South by Southwest (SXSW) is the daddy of all music festivals, four days of musical immersion held each March in Austin, Texas. This year, two Iowa City acts returned for their second dip: The Diplomats of Solid Sound and Caleb Engstrom.
With over 1,400 acts packed into 80 venues (including a church and an old Safeway supermarket), SXSW is well known for being as grueling as it is intoxicating.
“I feel supercharged,” Engstrom said upon his March 23 return. “I think I came away reminded of something really important, validation. Along with that, I think I might have forgotten that there is a really great community of artists/musicians that I belong to.”
Engstrom appeared at the Cabana Halle 6 with his new band, We are We. The 24-year-old, whose fragile-voiced melodies have distinguished him in indie circles, confirmed he is officially making the transition from solo artist to band. For one thing, the additional hands, Nate Henricks and Drew Ingersol, allow him more freedom on stage. “I think working as a group takes some pressure off of me,” he said, “being able to create more sound live.” He also gains a songwriter in Henricks.
Before leaving for Texas, Engstrom said he was hoping to hand out as many copies of the band’s upcoming CD as he could burn. While bands have been known to “get discovered” at SXSW by having the “right person” come to their shows, Engstrom didn’t have any unrealistic expectations.
“I don’t think I’ll be getting any ‘deals’ from this trip,” he said. “Just some sun, free drinks, great songs and smiles. I wouldn’t say that SXSW is just another gig, but it is almost a vacation for me. I work a full-time job (plus a part-time job) so it will be nice to not have to wake up early and get to spend some time with friends in a warm place surrounded by great live music.”
Although they didn’t end up being approached by any “industry people,” Engstrom said the SXSW show went “really well.” We are We opened the label showcase, “so the crowd wasn’t overwhelming, but present.” While they only played one show in Austin, on the drive down they stopped in to Oklahoma City for a gig with Ra Ra Riot and Maps and Atlases.
Exemplifying the downside of the SXSW experience, for both band and fan, Caleb said, “Friday night, I waited by myself for almost an hour, at 3 in the morning, trying to catch a taxi. I finally got home around 4 a.m. to our friend’s apartment and couldn’t find a blanket or pillow. I fell asleep on the living room floor.”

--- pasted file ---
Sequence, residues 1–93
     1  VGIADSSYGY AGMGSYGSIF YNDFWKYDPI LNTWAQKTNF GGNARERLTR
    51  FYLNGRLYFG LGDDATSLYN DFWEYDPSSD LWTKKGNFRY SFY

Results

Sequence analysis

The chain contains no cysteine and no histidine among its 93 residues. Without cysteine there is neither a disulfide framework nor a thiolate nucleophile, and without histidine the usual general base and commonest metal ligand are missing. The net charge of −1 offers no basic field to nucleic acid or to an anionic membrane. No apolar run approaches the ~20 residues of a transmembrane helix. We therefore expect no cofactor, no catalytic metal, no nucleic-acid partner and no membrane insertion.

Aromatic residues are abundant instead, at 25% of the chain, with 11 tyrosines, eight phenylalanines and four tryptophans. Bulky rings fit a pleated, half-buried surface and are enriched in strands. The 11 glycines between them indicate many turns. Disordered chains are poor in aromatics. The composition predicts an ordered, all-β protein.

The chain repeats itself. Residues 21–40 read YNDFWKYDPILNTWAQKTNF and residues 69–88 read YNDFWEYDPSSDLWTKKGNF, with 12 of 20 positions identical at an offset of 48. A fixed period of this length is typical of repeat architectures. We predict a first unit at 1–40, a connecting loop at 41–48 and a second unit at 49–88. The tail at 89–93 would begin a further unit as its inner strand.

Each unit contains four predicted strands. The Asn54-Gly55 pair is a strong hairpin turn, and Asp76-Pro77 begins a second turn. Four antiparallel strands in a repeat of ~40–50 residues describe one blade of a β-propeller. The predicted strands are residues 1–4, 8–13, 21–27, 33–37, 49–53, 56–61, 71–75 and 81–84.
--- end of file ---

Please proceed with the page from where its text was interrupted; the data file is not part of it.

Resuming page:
Diplomats of Solid Sound
Before heading down for his band’s sophomore SXSW appearance, Diplomats of Solid Sound guitarist Doug Roberson said, “We are going to SXSW mainly for the potential exposure and the fact that most of our newer band members have never experienced the full-on SXSW party. I am actually hopeful about the trip. We have a lot more going on for us now than last time we went in 2005.”
Last time down, the Diplomats had just released their third full-length instrumental CD, Destination…Get Down on Estrus Records, and they played a jazz showcase at Austin’s Elephant Room.
“At the time, we could be considered somewhat of a soul-jazz act,” Roberson said, “but we weren’t a great fit with the rest of the acts playing that night. Four years later we have added two female vocalists and our set is mainly vocal tunes in a soul and funk fashion. It’s a lot more user-friendly for the average music fan, and with two front women and two sax players, we just have more energy coming off the stage.”
Upon his return to Iowa City, Roberson was happy with the band’s two performances in addition to its official showcase at Opal Divine’s Freehouse with a slate of international groups.
“We were first on and as it drew close to 8 p.m. not many people were there and I started to have my doubts,” Roberson explained. “But sure enough, as it got to be 8 p.m., all of a sudden the tent was filled with people and we played the best set we have in quite a while.”
They even managed to make an industry connection: “An agent from United Talent checked us out and wants to have some meetings. So that looks promising.”
“As much as I hate the term ‘networking,’ that is how you approach the SXSW opportunity,” Roberson explained. “Contact many different like-minded labels, acts, music biz peeps, etc., and see if they are participating in SXSW. Then the opportunities tend to multiply as you can play more shows while you are in Austin, thus increasing your exposure and the potential to meet industry folks.”
Another highlight was the day party they played for Hammondbeat Records at The Victory Grill. “Great vibe from this place,” Roberson said. “It’s an old black-owned venue that has been in existence since 1945. Loads of great R-n-B, soul and funk artists have played there over the years. It was a good turnout with lots of people from Iowa City and people who used to live in Iowa City.”
Roberson said he especially enjoyed the international bands sharing their showcase. The Diplomats lent their singers and horn section to an Italian group called Paolo. Then there was the Japanese band Futomomo Satisfaction, led by three singer/trombonists clad only in bikinis. “Insane, but a lot of really fun dance music,” Roberson said. “It was nutty, but you had to be there to believe it.”
Kind of like SXSW in general, really.